Governor raps US on storm response
WASHINGTON -- The Bush administration and the governor of Kansas pointed fingers at each other yesterday over the response to last week's devastating tornado. By lunchtime, both sides had backed down.
With President Bush set to travel to Greensburg, Kan., today to view the destruction wrought by Friday's 205-mile-per-hour twister, Governor Kathleen Sebelius, a Democrat, said she planned to discuss with Bush her contention that National Guard deployments to Iraq hampered the disaster response.
"I don't think there is any question if you are missing trucks, Humvees, and helicopters that the response is going to be slower," she said Monday. "The real victims here will be the residents of Greensburg, because the recovery will be at a slower pace."
Sebelius said that, with other states facing similar limitations, "stuff that we would have borrowed is gone."
White House press secretary Tony Snow fought back aggressively.
In an approach reminiscent of the dispute between the White House and another Democratic governor, Kathleen Blanco of Louisiana, after the federal government's much-criticized response to Hurricane Katrina, Snow at first said the fault for any slow response would be Sebelius's. He said she should have followed procedure by finding gaps and then asking the federal government to fill them -- but didn't.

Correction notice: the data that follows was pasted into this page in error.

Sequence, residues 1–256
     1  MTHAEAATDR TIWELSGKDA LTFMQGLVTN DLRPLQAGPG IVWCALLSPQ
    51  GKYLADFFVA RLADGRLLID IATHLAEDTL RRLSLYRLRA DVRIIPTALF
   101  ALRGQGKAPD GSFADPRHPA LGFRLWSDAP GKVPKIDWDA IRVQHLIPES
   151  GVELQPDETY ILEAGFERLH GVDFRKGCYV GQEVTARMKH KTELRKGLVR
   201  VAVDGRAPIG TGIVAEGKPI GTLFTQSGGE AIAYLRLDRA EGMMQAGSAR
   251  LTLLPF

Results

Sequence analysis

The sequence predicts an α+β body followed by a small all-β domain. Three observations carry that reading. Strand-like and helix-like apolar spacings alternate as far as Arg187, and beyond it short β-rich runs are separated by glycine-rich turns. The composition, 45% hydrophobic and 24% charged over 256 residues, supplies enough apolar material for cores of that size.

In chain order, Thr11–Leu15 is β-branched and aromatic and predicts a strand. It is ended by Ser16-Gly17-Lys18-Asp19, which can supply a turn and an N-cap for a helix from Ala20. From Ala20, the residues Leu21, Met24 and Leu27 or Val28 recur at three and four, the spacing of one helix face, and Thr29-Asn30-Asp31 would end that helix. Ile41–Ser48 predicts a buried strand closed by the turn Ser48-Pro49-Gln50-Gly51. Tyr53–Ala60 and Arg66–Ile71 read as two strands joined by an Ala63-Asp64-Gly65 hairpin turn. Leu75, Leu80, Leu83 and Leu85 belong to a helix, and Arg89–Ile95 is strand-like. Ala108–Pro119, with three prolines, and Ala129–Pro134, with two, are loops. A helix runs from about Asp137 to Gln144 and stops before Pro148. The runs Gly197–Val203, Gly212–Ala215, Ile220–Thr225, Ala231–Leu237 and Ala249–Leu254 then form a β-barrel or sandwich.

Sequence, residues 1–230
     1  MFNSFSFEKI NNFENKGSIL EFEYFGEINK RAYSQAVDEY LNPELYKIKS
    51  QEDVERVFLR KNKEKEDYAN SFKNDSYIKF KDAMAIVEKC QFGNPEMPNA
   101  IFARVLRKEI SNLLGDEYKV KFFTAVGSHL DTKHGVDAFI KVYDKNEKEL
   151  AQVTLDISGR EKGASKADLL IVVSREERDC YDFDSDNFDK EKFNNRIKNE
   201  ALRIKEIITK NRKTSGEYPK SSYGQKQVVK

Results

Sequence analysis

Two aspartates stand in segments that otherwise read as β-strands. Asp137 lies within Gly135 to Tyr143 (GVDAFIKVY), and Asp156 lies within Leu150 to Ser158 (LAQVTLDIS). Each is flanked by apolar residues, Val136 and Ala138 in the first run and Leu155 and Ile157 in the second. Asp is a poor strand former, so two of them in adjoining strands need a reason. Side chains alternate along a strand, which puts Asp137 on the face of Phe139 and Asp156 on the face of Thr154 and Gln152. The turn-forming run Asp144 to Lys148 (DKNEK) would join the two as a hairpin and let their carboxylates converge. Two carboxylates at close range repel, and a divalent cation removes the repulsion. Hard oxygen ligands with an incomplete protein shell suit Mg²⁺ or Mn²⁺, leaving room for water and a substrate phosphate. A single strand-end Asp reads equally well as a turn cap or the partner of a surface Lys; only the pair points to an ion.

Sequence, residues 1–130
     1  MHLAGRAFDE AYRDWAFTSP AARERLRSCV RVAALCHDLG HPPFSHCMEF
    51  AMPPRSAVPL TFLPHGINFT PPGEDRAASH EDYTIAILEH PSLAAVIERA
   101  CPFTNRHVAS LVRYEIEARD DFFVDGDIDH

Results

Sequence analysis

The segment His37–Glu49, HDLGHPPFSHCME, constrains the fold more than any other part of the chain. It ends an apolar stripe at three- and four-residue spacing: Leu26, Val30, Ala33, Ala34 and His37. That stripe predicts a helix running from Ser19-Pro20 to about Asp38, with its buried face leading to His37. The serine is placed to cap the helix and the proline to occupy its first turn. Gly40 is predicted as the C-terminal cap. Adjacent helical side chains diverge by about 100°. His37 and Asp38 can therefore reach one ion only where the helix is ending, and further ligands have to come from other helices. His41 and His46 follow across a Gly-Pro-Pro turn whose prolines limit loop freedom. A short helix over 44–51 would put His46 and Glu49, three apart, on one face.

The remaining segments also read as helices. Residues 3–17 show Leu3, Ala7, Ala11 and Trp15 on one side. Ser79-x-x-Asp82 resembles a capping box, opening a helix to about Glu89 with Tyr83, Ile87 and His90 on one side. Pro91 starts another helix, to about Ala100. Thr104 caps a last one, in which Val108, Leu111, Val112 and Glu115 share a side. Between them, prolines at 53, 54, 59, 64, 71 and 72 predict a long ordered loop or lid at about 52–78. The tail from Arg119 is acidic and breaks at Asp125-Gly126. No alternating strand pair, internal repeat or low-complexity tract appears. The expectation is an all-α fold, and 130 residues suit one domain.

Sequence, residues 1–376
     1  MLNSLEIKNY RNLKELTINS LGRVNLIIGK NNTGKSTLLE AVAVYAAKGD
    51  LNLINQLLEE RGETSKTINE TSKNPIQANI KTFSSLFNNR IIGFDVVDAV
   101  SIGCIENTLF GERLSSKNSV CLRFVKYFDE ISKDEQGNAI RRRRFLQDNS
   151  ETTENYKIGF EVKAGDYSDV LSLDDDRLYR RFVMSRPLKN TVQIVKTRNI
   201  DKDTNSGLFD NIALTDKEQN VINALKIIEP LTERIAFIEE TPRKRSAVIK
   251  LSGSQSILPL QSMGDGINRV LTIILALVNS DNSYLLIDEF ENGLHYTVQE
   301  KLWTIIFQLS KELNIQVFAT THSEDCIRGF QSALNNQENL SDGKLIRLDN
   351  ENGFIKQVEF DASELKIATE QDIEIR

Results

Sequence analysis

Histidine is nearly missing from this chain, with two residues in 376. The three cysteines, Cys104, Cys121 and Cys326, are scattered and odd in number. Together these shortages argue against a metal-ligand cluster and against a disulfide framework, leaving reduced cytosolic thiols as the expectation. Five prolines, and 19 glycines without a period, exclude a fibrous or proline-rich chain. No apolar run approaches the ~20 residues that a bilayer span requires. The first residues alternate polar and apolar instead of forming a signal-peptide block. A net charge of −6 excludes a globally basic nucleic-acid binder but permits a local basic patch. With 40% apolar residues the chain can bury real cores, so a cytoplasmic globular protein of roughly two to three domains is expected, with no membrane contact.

Snow said no one had asked for heavy equipment. "As far as we know, the only thing the governor has requested are FM radios," the spokesman said.
But at Snow's second briefing with reporters at midday , he said the state had requested several items that the federal government supplied -- the radios, a mobile command center and a mobile office building, an urban search and rescue team, and coordination on extra Blackhawk helicopters.
Snow recounted a phone conversation yesterday between Sebelius and Bush's White House-based homeland security adviser, Fran Townsend, in which the governor said she was pleased with the federal performance on the tornado and had everything she needed.
About the same time, Sebelius was also backpedaling.
Her spokeswoman, Nicole Corcoran, said the governor didn't mean to imply that the state was ill-equipped to deal with this storm. Sebelius's comments about National Guard equipment were, instead, meant as a warning about the state's inability to handle additional disasters, such as another tornado or severe flooding, she said.
"We are doing absolutely fine right now," Corcoran said. "What the governor is talking about is down the road."
Meanwhile, a 46-year-old police officer injured during the tornado died yesterday morning. Officer Robert Tim Buckman was rushing to warn rural residents about the approaching storm when the tornado swept up his squad car and flung it 300 yards into a field.
He clung to life long enough for his daughter's wedding at his hospital bedside, then died of his injuries yesterday morning, his son, Derick Buckman, said.